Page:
SJ5085 - Photojournalism research methods (2018/19)
|Module specification||Module approved to run in 2018/19|
|Module title||Photojournalism research methods|
|Module level||Intermediate (05)|
|Credit rating for module||15|
|School||School of Computing and Digital Media|
|Total study hours||150|
|Running in 2018/19||
This one-semester module provides builds on the introduction to the practices, theories and history of photojournalism, introduced at level 4 and prepares students for the major photographic project at level 6 and the development of their own future professional practice as photojournalists and documentary photographers. The module assumes that students already possess a basic knowledge of some of the history, theories and debates relevant to the practice of documentary photography, and it will encourage and facilitate students’ development of a deeper engagement with, and understanding of these ideas. The module provides essential preparation for the major project in the final year of study.
The module covers two distinct areas of research and photograph: the undertaking of research into photography and photojournalism, and the use of photography as a research method in itself. As such, the module will draw on both traditional academic qualitative research methods insofar as they are applicable to the practice of photography, and will draw on the insights offered by visual anthropology.
Students will be assessed by way of an annotated bibliography, and through the production of a detailed research proposal that gives an account of the work students expect to pursue for their final year major project. The practical and intellectual skills gained through this module are all transferrable and highly relevant to future employment and are directly relevant to the developing professional practice of the students as photographers
The module will be divided into two blocks, each focussing on one of the two major areas of research to be covered:
Block One will introduce students to some of the key ideas relevant to the use of research as a way of acquiring knowledge and will introduce students to specific methods pertinent to research into photography and photographic practice. Areas covered will include epistemology, semiotics, discourse analysis, content analysis and reception study. LO 1,3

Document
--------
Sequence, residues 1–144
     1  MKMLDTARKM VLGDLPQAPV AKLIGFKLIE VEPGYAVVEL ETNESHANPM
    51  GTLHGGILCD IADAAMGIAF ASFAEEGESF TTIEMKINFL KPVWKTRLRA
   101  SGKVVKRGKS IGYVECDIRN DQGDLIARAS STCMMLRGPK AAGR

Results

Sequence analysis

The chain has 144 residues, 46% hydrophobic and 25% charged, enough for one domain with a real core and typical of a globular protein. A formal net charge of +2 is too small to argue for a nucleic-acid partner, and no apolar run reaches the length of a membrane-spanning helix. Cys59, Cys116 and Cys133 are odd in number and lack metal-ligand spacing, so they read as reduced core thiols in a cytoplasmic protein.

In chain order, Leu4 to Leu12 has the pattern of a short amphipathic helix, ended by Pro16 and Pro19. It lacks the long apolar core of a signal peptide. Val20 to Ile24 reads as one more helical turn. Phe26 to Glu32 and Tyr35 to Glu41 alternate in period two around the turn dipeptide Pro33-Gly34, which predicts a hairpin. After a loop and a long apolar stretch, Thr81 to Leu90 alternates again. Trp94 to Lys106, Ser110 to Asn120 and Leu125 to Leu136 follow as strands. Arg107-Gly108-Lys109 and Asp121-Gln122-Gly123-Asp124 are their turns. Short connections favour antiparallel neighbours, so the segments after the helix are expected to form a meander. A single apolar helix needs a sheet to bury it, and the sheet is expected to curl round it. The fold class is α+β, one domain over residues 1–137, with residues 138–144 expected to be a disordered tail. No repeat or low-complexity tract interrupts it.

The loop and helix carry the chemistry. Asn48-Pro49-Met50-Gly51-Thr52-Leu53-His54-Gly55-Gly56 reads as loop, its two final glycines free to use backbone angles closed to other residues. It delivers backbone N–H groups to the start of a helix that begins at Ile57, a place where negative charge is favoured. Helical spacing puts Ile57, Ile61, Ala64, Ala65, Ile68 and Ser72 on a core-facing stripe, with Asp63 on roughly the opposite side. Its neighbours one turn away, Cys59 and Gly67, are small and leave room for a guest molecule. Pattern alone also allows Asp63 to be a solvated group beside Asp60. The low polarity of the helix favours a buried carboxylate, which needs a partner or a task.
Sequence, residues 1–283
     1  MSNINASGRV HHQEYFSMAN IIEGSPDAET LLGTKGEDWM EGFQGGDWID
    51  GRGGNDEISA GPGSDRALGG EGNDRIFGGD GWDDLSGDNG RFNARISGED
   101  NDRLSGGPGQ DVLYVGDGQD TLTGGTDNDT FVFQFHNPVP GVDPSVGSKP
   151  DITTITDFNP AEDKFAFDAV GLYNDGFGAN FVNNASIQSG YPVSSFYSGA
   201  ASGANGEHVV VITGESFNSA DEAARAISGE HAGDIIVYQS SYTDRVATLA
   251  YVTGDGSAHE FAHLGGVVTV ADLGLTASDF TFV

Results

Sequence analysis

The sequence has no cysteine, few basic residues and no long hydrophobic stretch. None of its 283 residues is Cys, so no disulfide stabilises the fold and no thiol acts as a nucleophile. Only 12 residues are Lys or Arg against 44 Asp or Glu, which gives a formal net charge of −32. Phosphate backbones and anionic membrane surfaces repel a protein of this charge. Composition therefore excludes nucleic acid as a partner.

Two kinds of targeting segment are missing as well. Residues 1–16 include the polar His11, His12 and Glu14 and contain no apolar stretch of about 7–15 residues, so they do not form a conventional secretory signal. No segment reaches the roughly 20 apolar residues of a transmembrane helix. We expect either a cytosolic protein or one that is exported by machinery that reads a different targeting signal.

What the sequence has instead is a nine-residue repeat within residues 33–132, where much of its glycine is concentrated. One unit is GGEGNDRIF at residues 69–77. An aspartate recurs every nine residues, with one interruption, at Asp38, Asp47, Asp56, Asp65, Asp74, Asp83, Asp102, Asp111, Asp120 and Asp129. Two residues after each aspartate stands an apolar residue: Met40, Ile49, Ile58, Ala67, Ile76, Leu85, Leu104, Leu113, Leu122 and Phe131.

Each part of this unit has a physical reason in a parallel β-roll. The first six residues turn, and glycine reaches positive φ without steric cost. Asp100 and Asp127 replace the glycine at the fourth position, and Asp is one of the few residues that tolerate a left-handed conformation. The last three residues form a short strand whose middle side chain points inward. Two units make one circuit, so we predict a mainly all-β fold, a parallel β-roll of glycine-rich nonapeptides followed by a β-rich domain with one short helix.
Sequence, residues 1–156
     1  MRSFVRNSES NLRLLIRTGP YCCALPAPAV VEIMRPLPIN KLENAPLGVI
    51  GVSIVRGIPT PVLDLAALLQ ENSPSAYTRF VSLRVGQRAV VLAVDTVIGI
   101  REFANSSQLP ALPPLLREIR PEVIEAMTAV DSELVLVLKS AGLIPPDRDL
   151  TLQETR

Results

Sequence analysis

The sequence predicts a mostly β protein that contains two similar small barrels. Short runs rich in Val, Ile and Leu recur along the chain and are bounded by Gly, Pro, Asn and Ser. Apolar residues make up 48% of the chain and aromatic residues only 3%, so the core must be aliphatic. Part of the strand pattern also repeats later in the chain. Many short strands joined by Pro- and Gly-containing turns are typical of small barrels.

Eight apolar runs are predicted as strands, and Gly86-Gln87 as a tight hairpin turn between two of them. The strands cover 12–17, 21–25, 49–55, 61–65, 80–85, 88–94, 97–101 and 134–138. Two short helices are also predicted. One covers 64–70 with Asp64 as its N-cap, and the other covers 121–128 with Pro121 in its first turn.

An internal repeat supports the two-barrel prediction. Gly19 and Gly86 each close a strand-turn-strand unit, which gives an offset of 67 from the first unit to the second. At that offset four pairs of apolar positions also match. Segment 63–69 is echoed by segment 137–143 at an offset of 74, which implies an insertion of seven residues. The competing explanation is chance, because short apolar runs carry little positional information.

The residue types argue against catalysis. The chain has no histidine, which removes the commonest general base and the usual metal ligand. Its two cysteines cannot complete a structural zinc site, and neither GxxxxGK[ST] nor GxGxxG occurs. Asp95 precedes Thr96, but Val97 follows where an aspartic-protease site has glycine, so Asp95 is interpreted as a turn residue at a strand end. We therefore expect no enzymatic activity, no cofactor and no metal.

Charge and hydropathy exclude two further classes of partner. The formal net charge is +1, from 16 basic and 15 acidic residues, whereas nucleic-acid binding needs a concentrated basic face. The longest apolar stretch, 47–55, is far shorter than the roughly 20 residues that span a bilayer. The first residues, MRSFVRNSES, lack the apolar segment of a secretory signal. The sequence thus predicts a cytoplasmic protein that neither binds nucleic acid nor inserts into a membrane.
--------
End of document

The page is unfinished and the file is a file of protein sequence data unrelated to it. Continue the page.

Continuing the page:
Block Two will consider the uses of photography as a research tool in itself and will introduce students to key ideas and methods in the practice of visual anthropology. LO 2,3
Balance of independent study and scheduled teaching activity
In class teaching and activities:
45 hours, 3 hours a week for 15 weeks
Guided Independent Study
Preparation of material for assessment (including photography and final preparation for presentation)
Students will be encouraged to make full use of online resources, to engage with the tutor via electronic communication methods such as skype. Students are expected to maintain a reflective, critical approach
At the end of this module, students who actively engage with the reading, practical and theoretical exercises will be able to:
1. Understand and use a range of research methods applicable to research into photojournalism and photographic practice
2. Understand and explain key issues in the practice of visual anthropology
3. Design and develop and research project in documentary photography and/or photojournalism
Formative and summative assessment will be given via written feedback on CWK 1 - an annotated bibliography submitted midway through the module - given to students through weblearn. This feedback, insofar as it is formative, will specifically address areas that students can work on in preparing for the final summative assessments. Students will be able to discuss this feedback in individual tutorials with the course tutor.
Summative assessment will be by way of a research proposal, which may address the research the student intends to undertake for the major project at level 6, and should demonstrate development in relation to work in progress presented for formative assessment.
A marking scheme will be included in the module handbook to ensure students are familiar with the criteria by which their work will be assessed
Identify core and additional reading
Liaise with Library Services to confirm availability of on-line licenses in academic year
Where possible, the most current version of reading materials is used during the delivery of this module. Comprehensive reading lists are provided to students in their handbooks. Reading Lists will be updated annually.
Deacon, D., Pickering, M., Golding, P., and Murdock, G. (2018) Researching Communications: A Practical Guide to Methods in Media and Cultural Analysis. London: Arnold.
Pauwels, L. (2017) Reframing Visual Social Science: Towards a More Visual Sociology and Anthropology. Cambridge: Cambridge University Press
Other Texts: Banks, M. (2015) Visual Methods in Social Research 2nd Edn. London: Sage.
Photography and Culture. London: Routledge.
Philosophy of Photography. Bristol: Intellect Books
British Journal of Photography